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Author Quotes: “I write anything serious by hand still... There’s that wonderful phrase of Wordsworth’s about “feeling along the heart,” and I think I write with the blood that goes to the ends of my fingers, and it is a very sensuous act. For that reason I could never learn to write what I think of as real writing with the cut-and-paste on the computer because I have to have a whole page in front of me that I wrote, like a piece of knitting.”
― A.S. Byatt, The Art of Fiction No.168 from the Paris Review
is reading The Children's Book by A.S. Byatt for November/December on January 19, 2012
There was an old woman who lived in a shoe… Olive Wellwood, a “spinning fairy in the attic” and mother of seven weaves dark magical tales about her children. The Children’s Book written by Booker Prize winning author A.S. Byatt, gives the reader a decadently dark novel loosely based on the life of children’s book writer Edith Nesbit and her husband, Hubert Bland, founding member of the socialist Fabian Society. The book spans the end of the Victorian era to the beginning of World War I from 1895-1919 during the age of fairy tales and utopian politics. Secrets abound behind the walls of Olive and Humphrey Wellwoods home,Todefright, nestled in the Kent countryside where nothing is as it seems. The book follows the lives of their family and friends and a variety of artists, writers, financiers, and free thinkers.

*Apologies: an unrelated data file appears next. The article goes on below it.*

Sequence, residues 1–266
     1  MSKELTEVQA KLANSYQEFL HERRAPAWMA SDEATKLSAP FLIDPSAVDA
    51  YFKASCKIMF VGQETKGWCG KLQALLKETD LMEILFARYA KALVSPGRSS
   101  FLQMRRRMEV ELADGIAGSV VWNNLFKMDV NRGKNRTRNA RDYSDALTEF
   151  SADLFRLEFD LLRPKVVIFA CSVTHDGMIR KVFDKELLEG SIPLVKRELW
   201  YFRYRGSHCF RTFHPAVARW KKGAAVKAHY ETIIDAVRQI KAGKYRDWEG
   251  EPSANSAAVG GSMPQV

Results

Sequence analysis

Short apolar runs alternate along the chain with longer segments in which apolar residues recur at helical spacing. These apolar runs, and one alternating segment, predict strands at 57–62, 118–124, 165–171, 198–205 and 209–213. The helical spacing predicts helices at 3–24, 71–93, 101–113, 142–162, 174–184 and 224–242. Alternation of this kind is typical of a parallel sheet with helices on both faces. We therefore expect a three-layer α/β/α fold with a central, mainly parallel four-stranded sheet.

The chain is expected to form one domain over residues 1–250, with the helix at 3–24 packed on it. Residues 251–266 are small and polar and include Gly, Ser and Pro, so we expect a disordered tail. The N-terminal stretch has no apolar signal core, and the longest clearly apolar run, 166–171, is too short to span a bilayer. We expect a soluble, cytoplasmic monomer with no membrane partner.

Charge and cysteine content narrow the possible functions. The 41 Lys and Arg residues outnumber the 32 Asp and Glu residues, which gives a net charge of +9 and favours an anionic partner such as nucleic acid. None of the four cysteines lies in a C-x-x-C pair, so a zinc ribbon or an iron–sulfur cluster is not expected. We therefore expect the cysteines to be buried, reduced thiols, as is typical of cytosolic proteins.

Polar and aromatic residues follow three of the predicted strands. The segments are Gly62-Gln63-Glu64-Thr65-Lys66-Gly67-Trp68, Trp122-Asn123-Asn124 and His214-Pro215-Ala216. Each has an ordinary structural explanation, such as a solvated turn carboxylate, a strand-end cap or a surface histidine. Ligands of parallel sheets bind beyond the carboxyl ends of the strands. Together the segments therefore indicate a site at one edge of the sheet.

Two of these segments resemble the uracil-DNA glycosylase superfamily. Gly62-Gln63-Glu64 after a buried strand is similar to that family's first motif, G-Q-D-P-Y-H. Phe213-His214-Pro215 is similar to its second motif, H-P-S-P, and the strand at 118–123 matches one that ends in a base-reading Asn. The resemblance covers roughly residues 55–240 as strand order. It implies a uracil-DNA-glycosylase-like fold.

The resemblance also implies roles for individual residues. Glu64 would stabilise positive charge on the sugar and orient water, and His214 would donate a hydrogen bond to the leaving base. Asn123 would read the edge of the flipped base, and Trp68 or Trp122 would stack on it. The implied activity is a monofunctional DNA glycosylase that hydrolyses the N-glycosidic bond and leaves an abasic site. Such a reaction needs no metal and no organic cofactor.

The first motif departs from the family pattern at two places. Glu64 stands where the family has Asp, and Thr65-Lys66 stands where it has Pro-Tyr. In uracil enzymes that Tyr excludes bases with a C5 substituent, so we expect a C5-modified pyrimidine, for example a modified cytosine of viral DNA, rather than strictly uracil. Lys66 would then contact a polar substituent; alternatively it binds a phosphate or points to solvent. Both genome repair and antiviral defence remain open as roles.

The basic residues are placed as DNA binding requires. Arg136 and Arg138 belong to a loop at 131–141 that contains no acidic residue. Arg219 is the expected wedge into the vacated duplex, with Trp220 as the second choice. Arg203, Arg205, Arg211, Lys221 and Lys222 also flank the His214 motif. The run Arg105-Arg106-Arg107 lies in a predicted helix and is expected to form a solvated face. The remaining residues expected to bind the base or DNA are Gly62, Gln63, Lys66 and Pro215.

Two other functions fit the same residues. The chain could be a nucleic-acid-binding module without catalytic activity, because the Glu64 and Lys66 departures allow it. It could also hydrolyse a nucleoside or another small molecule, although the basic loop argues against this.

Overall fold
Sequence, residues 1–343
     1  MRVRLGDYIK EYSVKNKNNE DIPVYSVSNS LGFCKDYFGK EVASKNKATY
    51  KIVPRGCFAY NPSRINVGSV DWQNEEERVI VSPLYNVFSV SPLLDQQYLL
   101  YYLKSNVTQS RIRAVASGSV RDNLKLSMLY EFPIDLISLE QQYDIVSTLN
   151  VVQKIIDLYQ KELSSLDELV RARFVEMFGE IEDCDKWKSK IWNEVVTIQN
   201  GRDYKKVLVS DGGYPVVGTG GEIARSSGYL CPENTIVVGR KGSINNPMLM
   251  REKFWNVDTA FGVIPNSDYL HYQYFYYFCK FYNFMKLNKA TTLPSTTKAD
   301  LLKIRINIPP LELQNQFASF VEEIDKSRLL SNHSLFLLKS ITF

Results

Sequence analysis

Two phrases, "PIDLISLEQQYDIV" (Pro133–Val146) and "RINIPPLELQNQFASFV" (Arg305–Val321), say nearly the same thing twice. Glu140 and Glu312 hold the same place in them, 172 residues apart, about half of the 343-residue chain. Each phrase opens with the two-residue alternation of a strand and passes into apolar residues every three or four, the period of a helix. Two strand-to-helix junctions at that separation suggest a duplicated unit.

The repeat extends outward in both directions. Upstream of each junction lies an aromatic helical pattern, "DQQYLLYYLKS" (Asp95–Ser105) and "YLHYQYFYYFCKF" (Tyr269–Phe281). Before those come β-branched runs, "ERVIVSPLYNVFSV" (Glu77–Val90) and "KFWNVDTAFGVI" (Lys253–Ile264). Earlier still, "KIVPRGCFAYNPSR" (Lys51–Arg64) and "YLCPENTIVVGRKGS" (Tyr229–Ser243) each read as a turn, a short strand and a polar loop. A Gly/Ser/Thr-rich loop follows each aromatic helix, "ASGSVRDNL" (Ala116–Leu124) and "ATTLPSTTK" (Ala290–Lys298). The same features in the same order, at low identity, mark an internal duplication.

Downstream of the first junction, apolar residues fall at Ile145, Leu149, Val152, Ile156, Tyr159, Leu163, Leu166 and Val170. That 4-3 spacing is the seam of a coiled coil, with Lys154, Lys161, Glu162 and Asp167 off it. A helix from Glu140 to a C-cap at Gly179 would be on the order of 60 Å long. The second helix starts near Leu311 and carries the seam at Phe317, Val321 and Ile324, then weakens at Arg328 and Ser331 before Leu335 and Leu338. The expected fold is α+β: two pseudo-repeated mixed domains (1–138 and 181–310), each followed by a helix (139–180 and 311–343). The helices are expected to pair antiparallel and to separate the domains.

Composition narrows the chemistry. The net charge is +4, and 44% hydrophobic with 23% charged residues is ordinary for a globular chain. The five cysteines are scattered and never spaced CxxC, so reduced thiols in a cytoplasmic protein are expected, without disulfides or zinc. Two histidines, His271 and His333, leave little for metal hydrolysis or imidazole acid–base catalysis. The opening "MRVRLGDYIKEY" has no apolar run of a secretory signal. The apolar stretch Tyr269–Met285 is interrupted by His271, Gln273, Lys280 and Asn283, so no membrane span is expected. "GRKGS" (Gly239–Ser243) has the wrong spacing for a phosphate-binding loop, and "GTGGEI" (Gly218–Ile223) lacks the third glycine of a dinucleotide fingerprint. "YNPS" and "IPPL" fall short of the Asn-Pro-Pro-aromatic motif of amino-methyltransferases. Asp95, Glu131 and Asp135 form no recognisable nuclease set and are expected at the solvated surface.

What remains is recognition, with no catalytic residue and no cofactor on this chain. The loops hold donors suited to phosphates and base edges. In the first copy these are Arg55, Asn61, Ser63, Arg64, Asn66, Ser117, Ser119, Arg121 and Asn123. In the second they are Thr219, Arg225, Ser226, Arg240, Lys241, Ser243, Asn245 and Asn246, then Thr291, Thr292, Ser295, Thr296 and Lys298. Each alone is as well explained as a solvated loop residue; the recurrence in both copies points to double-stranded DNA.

Creation and destruction are prominent themes throughout the book. If creative genius depends on never growing up and being a good parent does, hide the children fast, as the children are unintentionally betrayed by the adults that love them the most. As Yvonne Zipp, book reviewer for the Christian Science Monitor writes, “In the real world, children discover secrets that make the Big Bad Wolf look like the recipient of the Babysitter of the Year Award.”
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